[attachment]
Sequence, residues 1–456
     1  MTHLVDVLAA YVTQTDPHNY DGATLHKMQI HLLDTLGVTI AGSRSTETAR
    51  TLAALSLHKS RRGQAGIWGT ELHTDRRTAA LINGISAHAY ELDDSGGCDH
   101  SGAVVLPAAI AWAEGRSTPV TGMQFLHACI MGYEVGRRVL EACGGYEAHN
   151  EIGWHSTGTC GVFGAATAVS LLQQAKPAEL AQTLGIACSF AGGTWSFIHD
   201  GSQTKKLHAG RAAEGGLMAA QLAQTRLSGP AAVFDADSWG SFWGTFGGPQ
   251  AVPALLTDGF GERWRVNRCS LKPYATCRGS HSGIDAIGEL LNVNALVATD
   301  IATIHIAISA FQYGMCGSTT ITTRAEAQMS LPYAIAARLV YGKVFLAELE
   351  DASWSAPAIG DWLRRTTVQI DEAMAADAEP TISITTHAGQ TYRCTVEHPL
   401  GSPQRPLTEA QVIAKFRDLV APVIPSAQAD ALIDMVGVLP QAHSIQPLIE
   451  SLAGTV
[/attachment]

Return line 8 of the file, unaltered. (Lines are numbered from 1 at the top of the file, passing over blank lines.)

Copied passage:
   301  IATIHIAISA FQYGMCGSTT ITTRAEAQMS LPYAIAARLV YGKVFLAELE